"However, at the time of issue of licences, the promoters may submit a dilution schedule which may be examined and approved by the Reserve Bank. The progress in achieving these agreed milestones must be periodically reported by the banks and shall be monitored by the Reserve Bank," the committee said.
Here are the key recommendations made by the Mohanty committee...
• The cap on promoters’ stake in the long run (15 years) may be raised from the current level of 15% to 26% of the paid-up voting equity share capital of the bank.
• As regards non-promoter shareholding, a uniform cap of 15% of the paid-up voting equity share capital of the bank may be prescribed for all types of shareholders.
• Large corporate/industrial houses may be allowed as promoters of banks only after necessary amendments to the Banking Regulation Act, 1949 (to prevent connected lending and exposures between the banks and other financial and non-financial group entities); and strengthening of the supervisory mechanism for large conglomerates, including consolidated supervision.
• Well-run large non-banking Finance Companies (NBFCs), with an asset size of Rs50,000 crore and above, including those which are owned by a corporate house, may be considered for conversion into banks subject to completion of 10 years of operations and meeting due diligence criteria and compliance with additional conditions specified in this regard.
• For payments banks intending to convert to a small finance bank, track record of 3 years of experience as payments bank may be considered as sufficient.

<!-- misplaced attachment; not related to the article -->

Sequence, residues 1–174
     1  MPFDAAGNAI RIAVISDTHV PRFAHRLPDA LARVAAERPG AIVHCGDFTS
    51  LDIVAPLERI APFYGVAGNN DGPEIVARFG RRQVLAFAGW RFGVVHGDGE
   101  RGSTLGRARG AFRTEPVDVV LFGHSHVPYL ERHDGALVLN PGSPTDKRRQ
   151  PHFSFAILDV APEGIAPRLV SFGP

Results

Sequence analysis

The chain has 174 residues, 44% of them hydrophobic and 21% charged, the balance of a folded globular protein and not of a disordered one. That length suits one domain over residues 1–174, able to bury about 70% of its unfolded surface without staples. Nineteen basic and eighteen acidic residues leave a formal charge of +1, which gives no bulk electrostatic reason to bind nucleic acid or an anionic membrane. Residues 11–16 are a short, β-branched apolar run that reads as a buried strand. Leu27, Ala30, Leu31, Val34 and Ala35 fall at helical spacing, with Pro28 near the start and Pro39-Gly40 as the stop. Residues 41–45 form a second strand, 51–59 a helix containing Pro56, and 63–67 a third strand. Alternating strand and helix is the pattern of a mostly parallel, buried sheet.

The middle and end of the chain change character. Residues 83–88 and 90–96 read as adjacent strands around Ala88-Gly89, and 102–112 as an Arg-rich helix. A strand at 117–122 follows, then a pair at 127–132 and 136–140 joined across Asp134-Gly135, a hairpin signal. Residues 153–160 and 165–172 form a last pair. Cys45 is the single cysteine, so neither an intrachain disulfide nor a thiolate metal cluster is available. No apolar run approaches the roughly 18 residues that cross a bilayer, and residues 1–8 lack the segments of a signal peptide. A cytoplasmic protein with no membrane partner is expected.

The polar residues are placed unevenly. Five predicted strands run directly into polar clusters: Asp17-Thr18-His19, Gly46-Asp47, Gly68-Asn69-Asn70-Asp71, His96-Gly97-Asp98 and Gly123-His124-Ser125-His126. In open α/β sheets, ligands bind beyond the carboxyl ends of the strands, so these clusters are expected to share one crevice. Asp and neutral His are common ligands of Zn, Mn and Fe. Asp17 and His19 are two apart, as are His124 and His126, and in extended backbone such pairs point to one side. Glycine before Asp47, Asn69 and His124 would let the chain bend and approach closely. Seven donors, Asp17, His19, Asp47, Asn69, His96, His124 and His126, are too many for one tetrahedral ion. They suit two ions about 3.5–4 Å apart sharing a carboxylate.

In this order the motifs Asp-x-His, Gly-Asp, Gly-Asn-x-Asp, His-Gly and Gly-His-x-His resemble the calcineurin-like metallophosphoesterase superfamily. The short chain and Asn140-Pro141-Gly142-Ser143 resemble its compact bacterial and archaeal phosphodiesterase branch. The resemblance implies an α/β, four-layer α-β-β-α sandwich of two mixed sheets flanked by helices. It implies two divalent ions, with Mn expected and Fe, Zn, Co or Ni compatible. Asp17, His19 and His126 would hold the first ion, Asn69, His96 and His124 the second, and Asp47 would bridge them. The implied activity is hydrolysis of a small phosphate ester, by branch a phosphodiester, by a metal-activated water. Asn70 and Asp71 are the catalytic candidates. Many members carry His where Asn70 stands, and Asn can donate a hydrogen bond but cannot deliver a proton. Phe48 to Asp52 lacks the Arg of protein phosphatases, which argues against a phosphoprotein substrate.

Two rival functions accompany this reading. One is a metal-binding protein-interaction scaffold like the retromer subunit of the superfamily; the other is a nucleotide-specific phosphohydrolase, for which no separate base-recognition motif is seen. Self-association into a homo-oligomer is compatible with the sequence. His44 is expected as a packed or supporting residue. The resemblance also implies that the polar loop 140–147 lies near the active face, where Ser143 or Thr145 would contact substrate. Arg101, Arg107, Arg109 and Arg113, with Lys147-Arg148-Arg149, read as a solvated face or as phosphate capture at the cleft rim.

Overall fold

• Small finance banks and payments banks may be listed within ‘six years from the date of reaching net worth equivalent to prevalent entry capital requirement prescribed for universal banks’ or ‘10 years from the date of commencement of operations’, whichever is earlier.
• The minimum initial capital requirement for licensing new banks should be enhanced from Rs500 crore to Rs1,000 crore for universal banks, and from Rs200 crore to Rs300 crore for small finance banks.
• Non-operative financial holding company (NOFHC) should continue to be the preferred structure for all new licences to be issued for universal banks. However, it should be mandatory only in cases where the individual promoters / promoting entities/ converting entities have other group entities.
• While banks licensed before 2013 may move to an NOFHC structure at their discretion, once the NOFHC structure attains a tax-neutral status, all banks licensed before 2013 shall move to the NOFHC structure within five years from announcement of tax-neutrality.
• Till the NOFHC structure is made feasible and operational, the concerns with regard to banks undertaking different activities through subsidiaries/ joint ventures/ associates need to be addressed through suitable regulations.
• Banks currently under NOFHC structure may be allowed to exit from such a structure if they do not have other group entities in their fold.
• RBI may take steps to ensure harmonisation and uniformity in different licensing guidelines, to the extent possible. Whenever new licensing guidelines are issued, if new rules are more relaxed, benefit should be given to existing banks, and if new rules are tougher, legacy banks should also conform to new tighter regulations, but a non-disruptive transition path may be provided to affected banks.